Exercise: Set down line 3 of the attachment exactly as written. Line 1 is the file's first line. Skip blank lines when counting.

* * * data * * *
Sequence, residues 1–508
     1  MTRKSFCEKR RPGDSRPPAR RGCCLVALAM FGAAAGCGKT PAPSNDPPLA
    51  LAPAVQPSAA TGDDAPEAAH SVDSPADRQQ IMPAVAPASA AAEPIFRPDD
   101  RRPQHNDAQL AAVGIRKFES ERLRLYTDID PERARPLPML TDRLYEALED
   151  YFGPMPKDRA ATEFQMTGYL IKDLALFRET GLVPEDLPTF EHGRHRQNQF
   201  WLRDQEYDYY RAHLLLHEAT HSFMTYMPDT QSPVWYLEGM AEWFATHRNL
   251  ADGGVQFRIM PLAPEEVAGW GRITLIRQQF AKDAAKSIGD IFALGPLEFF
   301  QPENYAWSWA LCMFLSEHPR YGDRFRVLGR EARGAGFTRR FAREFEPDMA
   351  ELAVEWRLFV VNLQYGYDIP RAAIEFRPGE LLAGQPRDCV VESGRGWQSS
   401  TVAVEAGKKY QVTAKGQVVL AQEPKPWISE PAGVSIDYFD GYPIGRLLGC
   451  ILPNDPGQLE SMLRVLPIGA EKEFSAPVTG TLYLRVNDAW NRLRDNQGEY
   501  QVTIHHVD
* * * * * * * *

    51  LAPAVQPSAA TGDDAPEAAH SVDSPADRQQ IMPAVAPASA AAEPIFRPDD